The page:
Taliban capture Afghan district

A senior police officer in Kandahar has said the main government building in Mian Nishin, headquarters of the district by the same name, is under Taliban control after a Friday night attack.

    Taliban's Abd al-Latif Hakimi said three policemen were killed

    Afghan police said on Saturday that Taliban fighters had attacked a district capital for a second straight night and took 18 policemen prisoner, a day after detaining more than a dozen.

    "Right now, the district headquarters is under the control of the Taliban, "said the officer, who declined to be named.

    "The Taliban surrounded the district headquarters and captured 18 officers," he added.

    Mian Nishin, in Kandahar province, was the scene of joint operations by Afghan and US-led forces early this week in which government officials said nine fighters were killed.

    On Thursday, the Taliban had captured 11 police officers, the district police chief and a senior local government official in Mian Nishin. 

    The Taliban said Their fate would be decided by its leadership.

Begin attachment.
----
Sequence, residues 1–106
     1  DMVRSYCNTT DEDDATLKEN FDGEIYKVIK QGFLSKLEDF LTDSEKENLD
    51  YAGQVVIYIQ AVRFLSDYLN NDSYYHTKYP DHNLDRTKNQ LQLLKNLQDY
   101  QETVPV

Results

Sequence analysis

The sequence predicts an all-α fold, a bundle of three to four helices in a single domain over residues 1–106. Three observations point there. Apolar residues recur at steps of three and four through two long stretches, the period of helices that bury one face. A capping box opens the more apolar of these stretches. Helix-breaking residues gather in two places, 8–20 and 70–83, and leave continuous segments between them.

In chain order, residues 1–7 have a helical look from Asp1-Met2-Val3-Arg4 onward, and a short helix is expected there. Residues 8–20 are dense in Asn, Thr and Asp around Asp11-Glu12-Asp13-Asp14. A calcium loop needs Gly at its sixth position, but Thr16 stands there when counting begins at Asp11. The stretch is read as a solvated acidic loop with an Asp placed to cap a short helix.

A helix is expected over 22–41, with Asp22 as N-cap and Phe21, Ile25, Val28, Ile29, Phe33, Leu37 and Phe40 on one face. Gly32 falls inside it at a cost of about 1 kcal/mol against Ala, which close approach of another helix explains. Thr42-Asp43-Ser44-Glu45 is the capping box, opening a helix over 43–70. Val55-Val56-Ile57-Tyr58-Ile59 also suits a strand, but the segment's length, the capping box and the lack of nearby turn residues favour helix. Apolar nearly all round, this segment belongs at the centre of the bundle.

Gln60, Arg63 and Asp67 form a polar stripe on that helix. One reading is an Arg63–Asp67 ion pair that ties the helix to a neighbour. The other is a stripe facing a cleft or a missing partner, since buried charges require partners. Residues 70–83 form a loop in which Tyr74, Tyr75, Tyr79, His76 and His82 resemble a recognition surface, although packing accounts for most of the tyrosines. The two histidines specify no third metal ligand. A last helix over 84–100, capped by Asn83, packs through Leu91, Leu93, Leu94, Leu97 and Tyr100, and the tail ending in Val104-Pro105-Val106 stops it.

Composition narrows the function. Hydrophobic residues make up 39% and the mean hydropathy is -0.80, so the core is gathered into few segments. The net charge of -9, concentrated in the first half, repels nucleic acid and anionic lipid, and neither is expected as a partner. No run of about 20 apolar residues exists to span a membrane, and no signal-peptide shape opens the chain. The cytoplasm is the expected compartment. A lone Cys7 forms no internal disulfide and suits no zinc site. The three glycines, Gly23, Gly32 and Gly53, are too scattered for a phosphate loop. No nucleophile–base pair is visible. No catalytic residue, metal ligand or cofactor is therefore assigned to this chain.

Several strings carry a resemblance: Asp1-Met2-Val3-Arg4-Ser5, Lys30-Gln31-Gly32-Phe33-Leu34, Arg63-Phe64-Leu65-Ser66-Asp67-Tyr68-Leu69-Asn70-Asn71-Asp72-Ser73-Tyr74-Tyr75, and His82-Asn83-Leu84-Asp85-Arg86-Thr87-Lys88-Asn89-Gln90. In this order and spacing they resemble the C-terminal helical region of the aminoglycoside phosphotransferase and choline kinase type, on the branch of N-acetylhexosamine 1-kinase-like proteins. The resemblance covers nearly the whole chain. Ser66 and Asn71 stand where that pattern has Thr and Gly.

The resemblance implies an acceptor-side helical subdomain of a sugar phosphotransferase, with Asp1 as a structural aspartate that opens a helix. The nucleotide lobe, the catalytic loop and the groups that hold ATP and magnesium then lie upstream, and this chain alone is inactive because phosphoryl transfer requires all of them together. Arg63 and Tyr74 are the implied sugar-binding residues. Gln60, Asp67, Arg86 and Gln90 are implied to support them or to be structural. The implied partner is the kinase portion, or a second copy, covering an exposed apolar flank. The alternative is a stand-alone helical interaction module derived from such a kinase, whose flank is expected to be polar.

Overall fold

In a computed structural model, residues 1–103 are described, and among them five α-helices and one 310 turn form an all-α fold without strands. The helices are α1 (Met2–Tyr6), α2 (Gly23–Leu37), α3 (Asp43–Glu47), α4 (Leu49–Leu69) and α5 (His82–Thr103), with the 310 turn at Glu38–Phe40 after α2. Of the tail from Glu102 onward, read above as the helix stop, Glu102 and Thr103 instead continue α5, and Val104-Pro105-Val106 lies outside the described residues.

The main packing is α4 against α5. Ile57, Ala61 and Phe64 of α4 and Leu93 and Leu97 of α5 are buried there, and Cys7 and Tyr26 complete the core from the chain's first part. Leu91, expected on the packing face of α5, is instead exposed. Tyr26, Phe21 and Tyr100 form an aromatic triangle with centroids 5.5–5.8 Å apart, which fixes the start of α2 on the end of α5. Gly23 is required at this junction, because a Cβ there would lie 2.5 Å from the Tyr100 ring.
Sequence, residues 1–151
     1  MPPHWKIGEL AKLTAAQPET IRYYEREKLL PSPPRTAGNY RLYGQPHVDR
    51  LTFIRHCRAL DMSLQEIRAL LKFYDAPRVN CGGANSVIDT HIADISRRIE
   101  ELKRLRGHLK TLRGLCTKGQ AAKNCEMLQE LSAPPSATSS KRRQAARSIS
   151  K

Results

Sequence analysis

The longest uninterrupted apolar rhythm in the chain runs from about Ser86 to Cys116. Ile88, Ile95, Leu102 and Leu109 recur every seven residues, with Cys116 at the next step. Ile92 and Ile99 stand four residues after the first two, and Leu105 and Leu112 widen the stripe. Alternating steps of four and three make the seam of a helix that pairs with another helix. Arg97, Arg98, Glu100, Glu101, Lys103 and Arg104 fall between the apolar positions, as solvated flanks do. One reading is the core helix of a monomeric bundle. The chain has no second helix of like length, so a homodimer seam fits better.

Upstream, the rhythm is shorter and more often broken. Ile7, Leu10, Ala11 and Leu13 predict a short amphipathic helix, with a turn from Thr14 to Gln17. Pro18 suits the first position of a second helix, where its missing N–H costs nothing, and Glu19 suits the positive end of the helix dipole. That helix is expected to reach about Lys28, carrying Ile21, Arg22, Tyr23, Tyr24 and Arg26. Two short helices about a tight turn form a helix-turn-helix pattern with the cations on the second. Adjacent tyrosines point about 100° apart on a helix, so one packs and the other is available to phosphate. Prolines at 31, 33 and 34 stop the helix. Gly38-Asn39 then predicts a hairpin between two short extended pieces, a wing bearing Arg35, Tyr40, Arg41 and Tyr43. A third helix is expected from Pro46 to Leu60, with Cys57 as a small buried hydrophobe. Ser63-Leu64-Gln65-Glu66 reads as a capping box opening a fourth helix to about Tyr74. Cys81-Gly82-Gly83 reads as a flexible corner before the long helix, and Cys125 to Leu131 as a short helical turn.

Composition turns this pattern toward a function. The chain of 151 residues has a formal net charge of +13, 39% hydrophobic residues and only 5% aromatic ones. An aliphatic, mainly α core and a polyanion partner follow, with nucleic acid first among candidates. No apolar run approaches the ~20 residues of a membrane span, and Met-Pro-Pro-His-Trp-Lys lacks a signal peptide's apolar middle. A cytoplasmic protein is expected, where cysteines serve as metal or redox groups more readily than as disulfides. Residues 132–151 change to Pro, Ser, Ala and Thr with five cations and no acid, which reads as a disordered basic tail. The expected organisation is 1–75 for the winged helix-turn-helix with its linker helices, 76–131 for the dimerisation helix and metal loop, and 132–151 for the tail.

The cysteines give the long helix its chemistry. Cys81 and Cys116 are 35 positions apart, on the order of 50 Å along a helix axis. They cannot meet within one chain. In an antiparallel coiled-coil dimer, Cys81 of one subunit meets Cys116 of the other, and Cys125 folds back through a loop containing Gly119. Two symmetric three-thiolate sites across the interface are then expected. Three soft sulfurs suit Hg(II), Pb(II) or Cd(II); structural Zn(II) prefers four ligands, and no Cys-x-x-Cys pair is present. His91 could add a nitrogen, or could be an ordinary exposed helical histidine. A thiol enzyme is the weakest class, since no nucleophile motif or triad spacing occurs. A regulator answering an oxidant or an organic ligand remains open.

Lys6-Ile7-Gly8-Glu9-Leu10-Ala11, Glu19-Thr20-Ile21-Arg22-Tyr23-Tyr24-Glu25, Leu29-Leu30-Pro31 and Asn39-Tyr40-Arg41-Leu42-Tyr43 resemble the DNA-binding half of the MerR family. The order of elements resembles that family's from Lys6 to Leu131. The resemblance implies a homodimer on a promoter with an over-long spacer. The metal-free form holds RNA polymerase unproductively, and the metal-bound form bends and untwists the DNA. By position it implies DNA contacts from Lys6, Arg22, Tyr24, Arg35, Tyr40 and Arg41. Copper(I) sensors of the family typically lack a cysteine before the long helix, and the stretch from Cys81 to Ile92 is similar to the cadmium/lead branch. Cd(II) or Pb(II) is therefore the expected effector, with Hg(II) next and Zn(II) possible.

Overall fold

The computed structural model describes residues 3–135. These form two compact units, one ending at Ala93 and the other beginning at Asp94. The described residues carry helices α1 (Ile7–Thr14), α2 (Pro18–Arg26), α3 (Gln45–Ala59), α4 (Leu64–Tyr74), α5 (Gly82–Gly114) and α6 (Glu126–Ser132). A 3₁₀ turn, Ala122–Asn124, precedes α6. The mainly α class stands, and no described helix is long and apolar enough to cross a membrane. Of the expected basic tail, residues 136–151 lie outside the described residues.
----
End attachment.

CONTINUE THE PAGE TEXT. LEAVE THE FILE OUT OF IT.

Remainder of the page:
Election fears

    Taliban-linked violence has been surging in the south and east, raising fears for the security of parliamentary elections due to be held on 18 September. Much of the violence has been in Kandahar.

    On Saturday, fighters attacked government posts in the Dai Chopan district of Zabul province, adjoining Kandahar, Gulab Shah Alikhail, a spokesman for the province said.
    He said four fighters were killed, but there were no government casualties.

    Taliban spokesman Abd al-Latif Hakimi said the fighters had killed three policemen in the attack, which also killed one of their own.

    On Friday, a roadside bomb exploded in neighbouring Helmand province, killing a soldier and wounding three policemen, including a district police chief.

    On Monday, four US soldiers were wounded in an attack outside Kandahar city.

    Taliban threats

    The Taliban have threatened more violence, while the government says the fighters are likely to step up attacks ahead of the elections.

    More than 150 fighters have been killed this year, according to US military and Afghan government sources.

    Dozens of government troops and 29 US soldiers from the 20,000-strong US-led foreign force have died since March, including 18 in a helicopter crash.

    US-led forces invaded Afghanistan in 2001 due to what the US said the Taliban's refusal to hand over Osama bin Laden.

    SOURCE: Reuters


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